The Leasehold Reform, Housing and Urban Development Act 1993 enables eligible leaseholders to acquire a 90-year extension to their existing lease, subject to a peppercorn ground rent. The other main terms of the lease, such as service charge and obligations to repair, are to remain substantially the same, although limited changes are allowed in order to update the document or correct any defects which may exist in a poorly drafted lease. The key qualification criteria for a lease extension are that the original lease must have been granted for a term in excess of 21 years and that the flat must have been owned at the Land Registry by the qualifying lessee for at least two years.
If a flat is being sold which requires a lease extension, the seller can serve the required notice on behalf of the buyer so that the buyer does not have to wait two years to qualify. This is important to note because as the owner of the existing lease, the seller may wish to sell its interest prior to the lease extension completing. The purchaser’s solicitor needs to ensure that any transfer of a claim for an extended lease of the flat must take place at the same time as the assignment of the lease to which the claim relates. This is because the enfranchisement claim cannot be owned independently from the lease. This may sound simple, but in practice many buyers have failed to satisfy this test when trying to take an assignment of rights.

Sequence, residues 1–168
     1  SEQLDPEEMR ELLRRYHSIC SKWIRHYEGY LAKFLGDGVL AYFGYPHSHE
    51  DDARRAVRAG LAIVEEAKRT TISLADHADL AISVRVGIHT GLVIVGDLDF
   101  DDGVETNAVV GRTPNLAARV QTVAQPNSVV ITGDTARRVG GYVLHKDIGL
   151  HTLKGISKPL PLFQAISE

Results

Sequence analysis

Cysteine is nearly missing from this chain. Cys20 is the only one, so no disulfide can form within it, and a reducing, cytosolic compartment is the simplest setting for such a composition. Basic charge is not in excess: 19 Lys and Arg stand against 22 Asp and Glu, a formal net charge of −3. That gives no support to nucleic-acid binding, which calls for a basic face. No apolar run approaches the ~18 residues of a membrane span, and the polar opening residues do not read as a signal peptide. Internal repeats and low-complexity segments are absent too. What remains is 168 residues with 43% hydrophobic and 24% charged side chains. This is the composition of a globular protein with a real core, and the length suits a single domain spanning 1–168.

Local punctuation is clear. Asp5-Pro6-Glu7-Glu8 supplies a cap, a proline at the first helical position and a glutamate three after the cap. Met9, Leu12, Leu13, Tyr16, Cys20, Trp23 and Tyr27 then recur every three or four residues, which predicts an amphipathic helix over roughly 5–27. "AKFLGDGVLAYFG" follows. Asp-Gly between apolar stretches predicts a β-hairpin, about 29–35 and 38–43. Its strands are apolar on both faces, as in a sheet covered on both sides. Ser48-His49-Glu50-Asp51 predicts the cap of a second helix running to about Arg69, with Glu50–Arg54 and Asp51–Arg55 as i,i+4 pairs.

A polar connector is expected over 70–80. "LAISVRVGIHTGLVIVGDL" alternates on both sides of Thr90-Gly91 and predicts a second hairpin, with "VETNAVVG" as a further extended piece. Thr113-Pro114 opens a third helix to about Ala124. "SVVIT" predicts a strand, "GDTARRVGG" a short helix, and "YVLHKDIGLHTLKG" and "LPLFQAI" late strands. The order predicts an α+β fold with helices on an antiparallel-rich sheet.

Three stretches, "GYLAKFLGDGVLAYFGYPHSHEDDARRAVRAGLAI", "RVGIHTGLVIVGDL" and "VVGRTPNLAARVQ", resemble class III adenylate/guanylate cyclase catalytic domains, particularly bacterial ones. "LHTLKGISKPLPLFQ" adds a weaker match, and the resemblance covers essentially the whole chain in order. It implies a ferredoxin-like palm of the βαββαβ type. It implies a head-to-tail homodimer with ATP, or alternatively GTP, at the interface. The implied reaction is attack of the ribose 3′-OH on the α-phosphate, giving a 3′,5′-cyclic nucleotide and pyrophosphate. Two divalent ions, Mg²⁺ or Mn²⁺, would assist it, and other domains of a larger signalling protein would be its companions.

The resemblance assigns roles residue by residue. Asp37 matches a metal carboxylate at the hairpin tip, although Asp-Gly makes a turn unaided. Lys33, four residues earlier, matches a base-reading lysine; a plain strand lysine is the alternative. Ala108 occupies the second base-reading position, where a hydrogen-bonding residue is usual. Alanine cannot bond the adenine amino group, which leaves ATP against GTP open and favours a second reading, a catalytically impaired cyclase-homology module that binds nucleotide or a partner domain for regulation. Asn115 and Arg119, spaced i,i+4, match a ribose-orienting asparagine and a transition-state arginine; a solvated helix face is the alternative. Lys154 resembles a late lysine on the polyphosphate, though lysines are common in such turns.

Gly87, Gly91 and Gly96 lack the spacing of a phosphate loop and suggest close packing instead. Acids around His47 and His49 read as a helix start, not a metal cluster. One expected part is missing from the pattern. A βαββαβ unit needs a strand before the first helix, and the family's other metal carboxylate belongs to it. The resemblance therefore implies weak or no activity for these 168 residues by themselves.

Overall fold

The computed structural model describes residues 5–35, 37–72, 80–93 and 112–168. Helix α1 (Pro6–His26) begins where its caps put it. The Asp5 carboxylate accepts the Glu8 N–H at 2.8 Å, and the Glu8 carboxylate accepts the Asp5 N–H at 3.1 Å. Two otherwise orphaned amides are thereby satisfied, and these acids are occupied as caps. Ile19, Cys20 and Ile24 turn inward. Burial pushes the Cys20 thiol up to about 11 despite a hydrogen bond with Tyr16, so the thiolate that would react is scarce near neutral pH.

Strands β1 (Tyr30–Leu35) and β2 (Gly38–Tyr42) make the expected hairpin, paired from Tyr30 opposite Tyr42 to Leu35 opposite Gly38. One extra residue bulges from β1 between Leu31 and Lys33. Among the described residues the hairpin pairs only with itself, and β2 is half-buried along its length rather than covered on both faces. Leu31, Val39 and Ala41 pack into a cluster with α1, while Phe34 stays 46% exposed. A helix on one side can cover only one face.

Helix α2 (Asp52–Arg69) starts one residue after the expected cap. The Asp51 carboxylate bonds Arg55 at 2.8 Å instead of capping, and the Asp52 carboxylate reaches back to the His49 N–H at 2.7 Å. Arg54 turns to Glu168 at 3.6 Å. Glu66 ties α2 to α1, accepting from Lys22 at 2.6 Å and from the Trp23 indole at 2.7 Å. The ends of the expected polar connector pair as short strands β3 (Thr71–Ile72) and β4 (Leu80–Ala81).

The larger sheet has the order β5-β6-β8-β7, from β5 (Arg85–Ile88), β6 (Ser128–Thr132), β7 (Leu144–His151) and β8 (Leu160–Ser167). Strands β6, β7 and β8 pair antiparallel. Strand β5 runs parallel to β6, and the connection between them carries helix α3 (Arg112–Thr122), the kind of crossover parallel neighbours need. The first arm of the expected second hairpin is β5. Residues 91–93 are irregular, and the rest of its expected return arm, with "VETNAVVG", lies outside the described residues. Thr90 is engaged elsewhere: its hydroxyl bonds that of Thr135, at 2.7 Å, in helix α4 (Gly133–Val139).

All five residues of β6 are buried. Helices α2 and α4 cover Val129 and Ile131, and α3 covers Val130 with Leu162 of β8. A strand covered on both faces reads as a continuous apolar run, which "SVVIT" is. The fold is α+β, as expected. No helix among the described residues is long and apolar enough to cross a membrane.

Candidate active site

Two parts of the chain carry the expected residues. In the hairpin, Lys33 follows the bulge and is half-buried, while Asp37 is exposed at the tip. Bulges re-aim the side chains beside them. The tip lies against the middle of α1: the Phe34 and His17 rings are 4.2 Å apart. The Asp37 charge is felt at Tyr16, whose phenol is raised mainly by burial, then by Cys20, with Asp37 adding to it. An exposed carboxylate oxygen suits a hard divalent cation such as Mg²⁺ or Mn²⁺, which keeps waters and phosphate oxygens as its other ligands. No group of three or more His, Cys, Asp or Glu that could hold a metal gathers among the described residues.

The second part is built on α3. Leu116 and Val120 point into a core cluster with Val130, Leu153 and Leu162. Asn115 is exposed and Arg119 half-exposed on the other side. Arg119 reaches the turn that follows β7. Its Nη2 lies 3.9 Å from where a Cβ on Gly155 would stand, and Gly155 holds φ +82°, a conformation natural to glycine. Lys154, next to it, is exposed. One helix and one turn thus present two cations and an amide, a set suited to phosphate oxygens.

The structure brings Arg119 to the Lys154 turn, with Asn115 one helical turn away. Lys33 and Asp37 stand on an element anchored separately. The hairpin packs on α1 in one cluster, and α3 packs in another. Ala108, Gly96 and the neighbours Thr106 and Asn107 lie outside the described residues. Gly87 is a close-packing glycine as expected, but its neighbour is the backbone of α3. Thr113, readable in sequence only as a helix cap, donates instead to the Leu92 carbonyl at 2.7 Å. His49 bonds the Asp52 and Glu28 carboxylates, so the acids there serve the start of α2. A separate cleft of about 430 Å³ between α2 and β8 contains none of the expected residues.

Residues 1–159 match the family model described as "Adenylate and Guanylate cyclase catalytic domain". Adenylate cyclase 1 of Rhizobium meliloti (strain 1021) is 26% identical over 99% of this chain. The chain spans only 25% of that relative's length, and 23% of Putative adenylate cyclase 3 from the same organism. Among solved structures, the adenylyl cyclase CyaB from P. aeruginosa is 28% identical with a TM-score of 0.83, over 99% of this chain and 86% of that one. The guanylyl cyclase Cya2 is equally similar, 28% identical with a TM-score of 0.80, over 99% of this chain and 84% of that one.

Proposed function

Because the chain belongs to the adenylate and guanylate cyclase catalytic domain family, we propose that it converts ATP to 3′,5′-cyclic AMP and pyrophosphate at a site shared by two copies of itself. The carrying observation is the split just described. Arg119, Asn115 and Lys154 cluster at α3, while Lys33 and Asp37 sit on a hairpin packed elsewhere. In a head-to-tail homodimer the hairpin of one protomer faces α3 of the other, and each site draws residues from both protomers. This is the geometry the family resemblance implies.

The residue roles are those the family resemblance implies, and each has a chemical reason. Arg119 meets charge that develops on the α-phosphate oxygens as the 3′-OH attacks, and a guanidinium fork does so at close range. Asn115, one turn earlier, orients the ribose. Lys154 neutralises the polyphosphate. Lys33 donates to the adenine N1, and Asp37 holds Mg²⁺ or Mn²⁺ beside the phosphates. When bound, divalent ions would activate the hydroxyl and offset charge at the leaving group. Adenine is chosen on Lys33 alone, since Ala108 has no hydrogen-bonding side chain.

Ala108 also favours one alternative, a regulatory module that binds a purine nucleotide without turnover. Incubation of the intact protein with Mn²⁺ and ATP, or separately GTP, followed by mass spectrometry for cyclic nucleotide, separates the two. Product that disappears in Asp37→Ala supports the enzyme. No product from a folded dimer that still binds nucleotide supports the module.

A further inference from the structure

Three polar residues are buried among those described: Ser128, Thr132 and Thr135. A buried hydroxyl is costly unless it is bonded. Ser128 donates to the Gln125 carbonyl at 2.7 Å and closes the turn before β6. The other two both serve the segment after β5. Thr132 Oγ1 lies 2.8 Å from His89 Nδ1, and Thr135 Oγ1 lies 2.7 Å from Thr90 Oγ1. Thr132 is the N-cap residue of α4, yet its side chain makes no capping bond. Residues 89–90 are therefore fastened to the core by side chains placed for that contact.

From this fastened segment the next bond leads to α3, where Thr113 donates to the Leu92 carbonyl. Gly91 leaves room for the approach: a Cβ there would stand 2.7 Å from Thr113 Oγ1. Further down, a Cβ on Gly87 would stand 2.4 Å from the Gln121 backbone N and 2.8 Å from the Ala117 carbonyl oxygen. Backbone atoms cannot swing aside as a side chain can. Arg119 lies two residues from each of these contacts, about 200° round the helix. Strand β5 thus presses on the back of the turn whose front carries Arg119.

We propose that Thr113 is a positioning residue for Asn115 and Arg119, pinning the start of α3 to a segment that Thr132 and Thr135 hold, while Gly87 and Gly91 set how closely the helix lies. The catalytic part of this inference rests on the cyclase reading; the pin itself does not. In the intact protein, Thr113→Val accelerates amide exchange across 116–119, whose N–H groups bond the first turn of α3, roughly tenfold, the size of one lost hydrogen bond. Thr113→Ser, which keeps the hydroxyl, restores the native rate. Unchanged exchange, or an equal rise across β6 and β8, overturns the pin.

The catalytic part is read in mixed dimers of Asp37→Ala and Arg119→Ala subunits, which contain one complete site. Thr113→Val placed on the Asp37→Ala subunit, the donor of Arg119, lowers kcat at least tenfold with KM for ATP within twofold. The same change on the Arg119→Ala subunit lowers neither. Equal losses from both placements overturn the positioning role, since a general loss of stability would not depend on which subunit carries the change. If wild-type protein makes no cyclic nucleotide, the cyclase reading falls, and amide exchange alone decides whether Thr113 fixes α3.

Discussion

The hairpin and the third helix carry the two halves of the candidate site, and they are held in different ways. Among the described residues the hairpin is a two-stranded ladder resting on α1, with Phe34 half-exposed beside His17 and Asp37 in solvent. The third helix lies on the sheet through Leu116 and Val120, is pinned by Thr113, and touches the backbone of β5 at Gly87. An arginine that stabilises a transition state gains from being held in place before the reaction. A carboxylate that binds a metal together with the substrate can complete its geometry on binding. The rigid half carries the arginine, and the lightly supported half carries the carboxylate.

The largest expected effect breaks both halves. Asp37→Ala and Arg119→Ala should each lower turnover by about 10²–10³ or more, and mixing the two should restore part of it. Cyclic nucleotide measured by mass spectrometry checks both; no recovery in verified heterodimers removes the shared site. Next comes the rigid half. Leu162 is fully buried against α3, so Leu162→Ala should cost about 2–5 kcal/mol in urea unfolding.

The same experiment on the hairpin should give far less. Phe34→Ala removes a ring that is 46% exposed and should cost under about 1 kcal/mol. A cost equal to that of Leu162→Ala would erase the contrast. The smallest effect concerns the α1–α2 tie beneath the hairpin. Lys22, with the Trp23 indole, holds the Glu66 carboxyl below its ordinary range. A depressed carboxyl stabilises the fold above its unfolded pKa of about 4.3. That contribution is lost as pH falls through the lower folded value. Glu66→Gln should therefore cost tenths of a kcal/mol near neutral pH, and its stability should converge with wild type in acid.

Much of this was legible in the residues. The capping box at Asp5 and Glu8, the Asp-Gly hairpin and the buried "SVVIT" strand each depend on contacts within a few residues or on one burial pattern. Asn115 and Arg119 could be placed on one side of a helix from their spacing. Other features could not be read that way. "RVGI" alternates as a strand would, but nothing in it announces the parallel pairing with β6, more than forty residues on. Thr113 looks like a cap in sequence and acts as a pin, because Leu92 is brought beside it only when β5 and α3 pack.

If assigning the benefit of a tenant’s lease extension claim, the Deed of Assignment should be expressed to take effect on the registration of the purchaser as proprietor of the existing lease at the Land Registry. This ensures that the assignments of the legal and beneficial interests in both the claim and the lease take effect simultaneously. It is important that instructed solicitors are familiar with this procedure.
Iris-Ann Stapleton is a solicitor at Streathers Solicitors LLP